However, the close nominating contest between Barack Obama and Hillary Clinton puts the prospects of a Democratic realignment based on the Millennial Generation in real jeopardy. A large majority of Millennials prefers Obama over Clinton. That difference in candidate preference by itself would not cost the Democrats the support of Millennials should Hillary Clinton ultimately become the Democratic presidential nominee. If anything, Millennials are more loyal to their political party than older, more independent thinking Boomers. A recent Pew Research Center survey indicated that the Boomer-based Clinton supporters would be more than twice as likely to leave the Democrats than the Millennial-based Obama supporters should their favorite candidate not win the Democratic presidential nomination.

But Millennials, raised on principles of fairness and consensus decision making, will be particularly influenced by how the end game that decides the Democratic nomination plays out Unless the rest of this year’s primaries produce a decisive outcome, the most important generational choice confronting the Democrats in the first half of this century will be made over the next several months by the party’s super-delegates. If Hillary Clinton wins "fairly" after receiving the largest number of votes and having the most pledged delegates, a large majority of Millennials will likely remain Democrats and Senator Clinton will have a very good chance to lead a Democratic political realignment. If, on the other hand, Barack Obama, the Millennials' preferred candidate, is denied the nomination in a way that Millennials see as unfair, the Democrats will almost certainly lose an historic opportunity to win the loyalty of this generation and control of American national politics for the next four decades.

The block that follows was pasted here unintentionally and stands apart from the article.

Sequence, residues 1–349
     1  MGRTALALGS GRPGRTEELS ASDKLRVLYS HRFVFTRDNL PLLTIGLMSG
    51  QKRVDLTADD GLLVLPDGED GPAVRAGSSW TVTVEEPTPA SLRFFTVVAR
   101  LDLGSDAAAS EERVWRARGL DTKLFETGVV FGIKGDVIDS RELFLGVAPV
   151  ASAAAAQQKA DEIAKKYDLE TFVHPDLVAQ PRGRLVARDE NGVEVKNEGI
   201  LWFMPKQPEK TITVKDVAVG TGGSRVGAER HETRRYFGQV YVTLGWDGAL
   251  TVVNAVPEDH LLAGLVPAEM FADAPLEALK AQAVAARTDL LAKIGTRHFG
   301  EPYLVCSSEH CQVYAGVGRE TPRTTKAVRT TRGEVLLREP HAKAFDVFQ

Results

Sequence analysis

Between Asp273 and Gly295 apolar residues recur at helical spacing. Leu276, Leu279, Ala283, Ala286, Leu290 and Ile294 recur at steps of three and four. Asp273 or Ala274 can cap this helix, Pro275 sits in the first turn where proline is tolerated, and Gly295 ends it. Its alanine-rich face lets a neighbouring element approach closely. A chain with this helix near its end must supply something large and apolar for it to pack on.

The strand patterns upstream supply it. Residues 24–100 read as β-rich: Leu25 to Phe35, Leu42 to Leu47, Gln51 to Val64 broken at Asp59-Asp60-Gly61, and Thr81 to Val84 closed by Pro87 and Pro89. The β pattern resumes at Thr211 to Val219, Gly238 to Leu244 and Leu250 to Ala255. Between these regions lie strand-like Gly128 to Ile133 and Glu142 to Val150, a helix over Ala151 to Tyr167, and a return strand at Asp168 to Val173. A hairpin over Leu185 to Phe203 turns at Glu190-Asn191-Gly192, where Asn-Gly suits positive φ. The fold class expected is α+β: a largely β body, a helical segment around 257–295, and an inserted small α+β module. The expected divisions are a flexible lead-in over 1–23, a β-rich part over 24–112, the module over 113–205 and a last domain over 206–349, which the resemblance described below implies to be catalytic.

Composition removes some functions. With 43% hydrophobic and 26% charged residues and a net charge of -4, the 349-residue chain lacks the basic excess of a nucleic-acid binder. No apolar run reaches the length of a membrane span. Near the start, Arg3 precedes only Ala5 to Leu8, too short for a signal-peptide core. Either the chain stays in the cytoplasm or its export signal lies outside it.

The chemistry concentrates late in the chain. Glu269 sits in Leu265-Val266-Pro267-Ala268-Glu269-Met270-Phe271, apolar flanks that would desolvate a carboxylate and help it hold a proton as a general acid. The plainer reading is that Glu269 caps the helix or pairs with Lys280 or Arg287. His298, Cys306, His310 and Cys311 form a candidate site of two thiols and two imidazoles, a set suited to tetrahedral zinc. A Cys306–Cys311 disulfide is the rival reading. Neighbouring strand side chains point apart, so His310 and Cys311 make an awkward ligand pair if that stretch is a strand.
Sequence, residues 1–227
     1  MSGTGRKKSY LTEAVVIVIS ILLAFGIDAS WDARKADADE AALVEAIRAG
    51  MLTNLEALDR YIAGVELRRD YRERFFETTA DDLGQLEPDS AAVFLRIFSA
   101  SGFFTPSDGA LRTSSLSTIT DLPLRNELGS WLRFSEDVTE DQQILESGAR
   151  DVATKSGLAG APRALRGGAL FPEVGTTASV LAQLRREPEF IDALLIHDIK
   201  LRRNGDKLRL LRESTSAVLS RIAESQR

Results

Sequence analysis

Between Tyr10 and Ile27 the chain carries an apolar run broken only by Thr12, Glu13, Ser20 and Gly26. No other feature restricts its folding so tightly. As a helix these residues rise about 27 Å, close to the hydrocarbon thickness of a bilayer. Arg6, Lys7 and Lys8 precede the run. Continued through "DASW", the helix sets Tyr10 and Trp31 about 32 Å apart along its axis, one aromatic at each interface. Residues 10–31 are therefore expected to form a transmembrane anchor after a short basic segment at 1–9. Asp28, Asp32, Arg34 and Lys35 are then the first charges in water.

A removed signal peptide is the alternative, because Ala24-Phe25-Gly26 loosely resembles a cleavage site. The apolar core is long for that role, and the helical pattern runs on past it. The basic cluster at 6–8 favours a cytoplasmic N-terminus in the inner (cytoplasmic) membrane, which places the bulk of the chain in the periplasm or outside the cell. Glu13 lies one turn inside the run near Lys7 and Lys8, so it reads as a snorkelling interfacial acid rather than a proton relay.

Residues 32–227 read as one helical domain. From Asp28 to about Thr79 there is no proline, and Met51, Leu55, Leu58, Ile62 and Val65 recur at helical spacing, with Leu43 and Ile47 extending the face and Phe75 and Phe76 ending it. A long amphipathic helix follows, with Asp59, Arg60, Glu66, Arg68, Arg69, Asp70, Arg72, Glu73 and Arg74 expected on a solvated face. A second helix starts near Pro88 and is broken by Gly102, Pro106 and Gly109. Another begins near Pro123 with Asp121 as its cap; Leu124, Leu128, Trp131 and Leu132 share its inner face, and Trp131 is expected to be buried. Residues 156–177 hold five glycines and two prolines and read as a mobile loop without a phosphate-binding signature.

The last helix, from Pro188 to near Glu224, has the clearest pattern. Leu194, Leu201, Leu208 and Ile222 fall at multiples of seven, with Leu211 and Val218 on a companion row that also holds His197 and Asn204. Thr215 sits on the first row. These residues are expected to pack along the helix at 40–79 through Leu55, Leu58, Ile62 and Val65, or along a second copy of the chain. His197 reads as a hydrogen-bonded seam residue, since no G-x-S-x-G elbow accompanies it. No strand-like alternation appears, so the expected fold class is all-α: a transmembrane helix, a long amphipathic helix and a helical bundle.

Morley Winograd and Michael D. Hais are co-authors of Millennial Makeover: MySpace, YouTube, and the Future of American Politics, published by Rutgers University Press

1 comment:

LaurainSacramento said...

Thank you for this interesting analysis regarding the new generation. As much as I agree with your thoughts about the generational gap, I do not believe that the gender gap in U.S. politics is narrowing. I work for a nonpartisan, nonprofit organization dedicated to leadership training for women interested in public service/politics. Based in California, we have done quite a bit of research on the number of women in elected office in the state. While California boasts two female U.S. Senators and Speaker of the House Nancy Pelosi, the numbers still do not show the gap narrowing. At the Congressional level, California women make up only 36% of the 53 member delegation from California. In our own California State Legislature, women hold only 33 of 120 seats. And at the local level - county supervisorial and city council seats - women hold fewer than 25% of elected seats. In 1992 term limits in our state opened up the field for women, yet it has also forced them out. The numbers rose in 1992 after term limits were enacted, but since then the number of women in office has fallen. We have found that women cite many reasons for not wanting to run for office, including fundraising, media scruitny, and the overall feeling of not being knowledgeable enough about the issues. Our organization, along with others, are working to try to recruit and train women to run for office and win. It is our hope that someday we will achieve parity.